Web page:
Can Europe breathe a sigh of relief?

Despite very different results in the individual member states the overall picture that emerges after the European elections is clear: the Christian Democratic and Social Democratic groups suffered major losses, the Liberals and Greens made big gains, and the eurosceptic and right-wing nationalist spectrum also gained ground. For various reasons commentators are worried by the election results.

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Financial Times (GB) /

Lack of unity will hinder EU government

The pro-EU bloc in the European Parliament may have the majority but it isn't united, the Financial Times concludes:

“The traditional centre-left and centre-right are in decline. They are losing ground not just to populist nationalists, but also to parties that appeal to an urbanised middle-class, such as the greens and liberals. ... The consequence is likely to be a period of political uncertainty and flux that will make it harder for the EU to act. The fact that the centre-right, socialists, liberals and greens are all broadly pro-EU cannot disguise their very different views on key areas such as climate change and eurozone reform.”

Polityka (PL) /

A more polarised parliament

Polityka also predicts a new mood in the European Parliament:

“The pro-European Christian and Social Democrats have suffered major losses, but the Liberal and the Greens have benefited from this and secured more support. The conservative Eurosceptics (including the Tories and the PiS) have made big losses, but the even harsher critics of the European Union gathered around Salvini and Farage profited from that. These results won't change the ideological balance of power all that much, but they will lead to stronger polarisation in the European Parliament.”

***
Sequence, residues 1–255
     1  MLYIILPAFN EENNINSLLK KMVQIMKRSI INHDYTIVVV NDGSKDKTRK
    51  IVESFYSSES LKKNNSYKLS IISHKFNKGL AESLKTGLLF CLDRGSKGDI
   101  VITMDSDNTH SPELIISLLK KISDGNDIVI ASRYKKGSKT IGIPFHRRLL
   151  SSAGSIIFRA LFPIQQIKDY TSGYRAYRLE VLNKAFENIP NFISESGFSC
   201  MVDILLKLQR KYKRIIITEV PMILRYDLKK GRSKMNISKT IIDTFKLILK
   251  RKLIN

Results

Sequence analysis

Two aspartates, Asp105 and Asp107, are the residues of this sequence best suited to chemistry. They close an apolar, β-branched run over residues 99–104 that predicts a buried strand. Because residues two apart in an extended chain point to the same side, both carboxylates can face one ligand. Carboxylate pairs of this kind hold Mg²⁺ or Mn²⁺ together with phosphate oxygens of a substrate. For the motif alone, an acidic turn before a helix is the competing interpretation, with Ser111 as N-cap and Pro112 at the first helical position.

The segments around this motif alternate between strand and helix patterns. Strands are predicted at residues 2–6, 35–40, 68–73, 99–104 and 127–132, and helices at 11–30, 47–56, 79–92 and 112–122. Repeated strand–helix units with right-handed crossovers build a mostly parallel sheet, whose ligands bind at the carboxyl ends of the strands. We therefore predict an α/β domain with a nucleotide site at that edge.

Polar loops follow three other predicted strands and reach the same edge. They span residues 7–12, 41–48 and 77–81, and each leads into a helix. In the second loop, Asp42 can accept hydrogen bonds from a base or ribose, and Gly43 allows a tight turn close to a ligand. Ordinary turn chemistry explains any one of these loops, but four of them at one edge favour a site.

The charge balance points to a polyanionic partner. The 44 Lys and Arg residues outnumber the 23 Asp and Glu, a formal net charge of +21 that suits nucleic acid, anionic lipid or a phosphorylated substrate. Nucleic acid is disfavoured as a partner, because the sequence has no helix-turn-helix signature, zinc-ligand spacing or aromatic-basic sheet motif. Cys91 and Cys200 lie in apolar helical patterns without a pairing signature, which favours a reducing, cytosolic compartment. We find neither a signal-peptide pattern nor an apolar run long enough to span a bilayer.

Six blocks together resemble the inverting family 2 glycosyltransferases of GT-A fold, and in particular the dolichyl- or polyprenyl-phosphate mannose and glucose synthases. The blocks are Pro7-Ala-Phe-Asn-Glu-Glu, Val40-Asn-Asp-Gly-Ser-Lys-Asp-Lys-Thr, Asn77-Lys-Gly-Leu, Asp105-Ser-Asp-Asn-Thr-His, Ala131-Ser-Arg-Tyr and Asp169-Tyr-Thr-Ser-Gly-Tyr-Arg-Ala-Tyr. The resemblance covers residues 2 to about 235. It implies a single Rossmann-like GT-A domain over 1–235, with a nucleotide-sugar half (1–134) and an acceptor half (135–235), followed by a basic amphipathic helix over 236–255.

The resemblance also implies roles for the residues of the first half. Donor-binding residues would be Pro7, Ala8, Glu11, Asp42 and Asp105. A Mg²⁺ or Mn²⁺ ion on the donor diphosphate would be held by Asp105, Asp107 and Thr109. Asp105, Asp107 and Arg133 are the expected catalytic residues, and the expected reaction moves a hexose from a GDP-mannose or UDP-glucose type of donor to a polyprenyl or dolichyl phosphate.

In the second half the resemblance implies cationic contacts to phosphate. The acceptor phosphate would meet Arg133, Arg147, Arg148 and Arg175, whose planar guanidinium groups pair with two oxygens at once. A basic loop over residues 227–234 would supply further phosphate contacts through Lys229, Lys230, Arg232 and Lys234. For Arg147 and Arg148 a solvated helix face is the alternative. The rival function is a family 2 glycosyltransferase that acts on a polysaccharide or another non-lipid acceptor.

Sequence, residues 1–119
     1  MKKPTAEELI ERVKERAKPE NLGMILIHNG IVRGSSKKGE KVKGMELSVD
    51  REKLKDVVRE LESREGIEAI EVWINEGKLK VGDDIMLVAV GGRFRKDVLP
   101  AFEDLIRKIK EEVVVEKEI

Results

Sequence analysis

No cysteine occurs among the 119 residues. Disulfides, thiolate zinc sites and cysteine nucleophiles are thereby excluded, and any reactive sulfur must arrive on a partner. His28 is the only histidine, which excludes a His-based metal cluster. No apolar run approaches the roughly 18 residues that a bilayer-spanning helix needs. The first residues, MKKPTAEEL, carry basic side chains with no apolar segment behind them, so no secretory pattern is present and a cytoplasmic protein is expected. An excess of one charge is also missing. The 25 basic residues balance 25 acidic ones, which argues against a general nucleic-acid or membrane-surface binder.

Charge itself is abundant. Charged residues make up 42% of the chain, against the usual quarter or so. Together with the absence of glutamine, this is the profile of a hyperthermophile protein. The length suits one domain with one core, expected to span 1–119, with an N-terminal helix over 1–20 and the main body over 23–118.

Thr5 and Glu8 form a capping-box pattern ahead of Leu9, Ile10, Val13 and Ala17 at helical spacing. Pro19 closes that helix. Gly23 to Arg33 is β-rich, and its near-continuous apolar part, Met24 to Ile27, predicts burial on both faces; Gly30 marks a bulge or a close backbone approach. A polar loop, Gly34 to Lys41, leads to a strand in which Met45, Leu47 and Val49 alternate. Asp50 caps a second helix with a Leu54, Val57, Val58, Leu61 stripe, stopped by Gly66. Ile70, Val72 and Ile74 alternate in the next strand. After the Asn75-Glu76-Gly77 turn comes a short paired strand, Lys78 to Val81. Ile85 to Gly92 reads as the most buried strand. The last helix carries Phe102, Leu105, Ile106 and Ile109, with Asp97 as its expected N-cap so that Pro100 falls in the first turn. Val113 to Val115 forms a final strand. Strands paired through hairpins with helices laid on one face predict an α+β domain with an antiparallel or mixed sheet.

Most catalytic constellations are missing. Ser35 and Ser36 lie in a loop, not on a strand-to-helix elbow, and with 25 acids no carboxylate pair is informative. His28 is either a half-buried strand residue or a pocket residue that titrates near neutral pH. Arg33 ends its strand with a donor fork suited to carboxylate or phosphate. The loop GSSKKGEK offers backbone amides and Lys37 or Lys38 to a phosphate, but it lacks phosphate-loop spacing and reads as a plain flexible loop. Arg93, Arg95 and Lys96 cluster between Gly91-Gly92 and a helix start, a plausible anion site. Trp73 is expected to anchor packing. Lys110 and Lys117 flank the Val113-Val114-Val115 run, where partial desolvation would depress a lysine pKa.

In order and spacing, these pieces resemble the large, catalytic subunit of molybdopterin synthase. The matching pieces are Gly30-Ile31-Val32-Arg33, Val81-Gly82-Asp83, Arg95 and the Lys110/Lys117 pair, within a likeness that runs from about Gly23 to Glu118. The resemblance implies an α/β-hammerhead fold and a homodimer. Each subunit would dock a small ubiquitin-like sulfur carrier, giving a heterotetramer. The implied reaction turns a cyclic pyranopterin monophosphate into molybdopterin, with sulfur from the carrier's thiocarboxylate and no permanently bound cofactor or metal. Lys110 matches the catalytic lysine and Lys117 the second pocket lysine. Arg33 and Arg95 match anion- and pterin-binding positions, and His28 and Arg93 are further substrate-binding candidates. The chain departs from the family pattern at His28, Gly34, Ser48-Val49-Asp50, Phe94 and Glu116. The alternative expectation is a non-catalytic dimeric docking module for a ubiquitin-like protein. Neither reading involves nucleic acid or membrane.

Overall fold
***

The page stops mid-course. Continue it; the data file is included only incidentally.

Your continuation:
T24 (TR) /

Far right must not become the norm

The electoral success of far-right parties gives them a new status in Europe, the news website T24 laments:

“In this vote the people punished the centrist parties, which had started to resemble the far-right parties - and even tried to imitate them. As a result the people turned to the originals on the far right and far left. ... We're living in a time in which the far right is leaving its place on the sidelines and destroying the chemistry of the centrist parties, and in which its discourse is being emulated. ... It would be wrong to play down this political development as temporary, limited to specific regions, or a mere accident. Unless radical and permanent measures are taken the Europe envisioned in the 1950s will remain nothing more than a dream.”

Helsingin Sanomat (FI) /

The populists' game isn't over yet

The threat of populism hasn't been banished yet, warns Helsingin Sanomat:

“The surprise in this election was that the populist parties didn't achieve a pan-European victory. This perhaps wasn't due to their not being able to mobilise their supporters but that they simply didn't have any more supporters. ... Those who hoped that these elections would stop the deepening of EU cooperation will no doubt be disappointed. But the populists' game is not over yet. The member states have the most power in the EU. The rise of the populists in some EU countries could prompt the latter to defend their national interests more fiercely at the expense of the community's interests.”

La Repubblica (IT) /

Thanks to the young

Young voters have saved Europe, comments Andrea Bonanni, La Repubblica's correspondent in Brussels: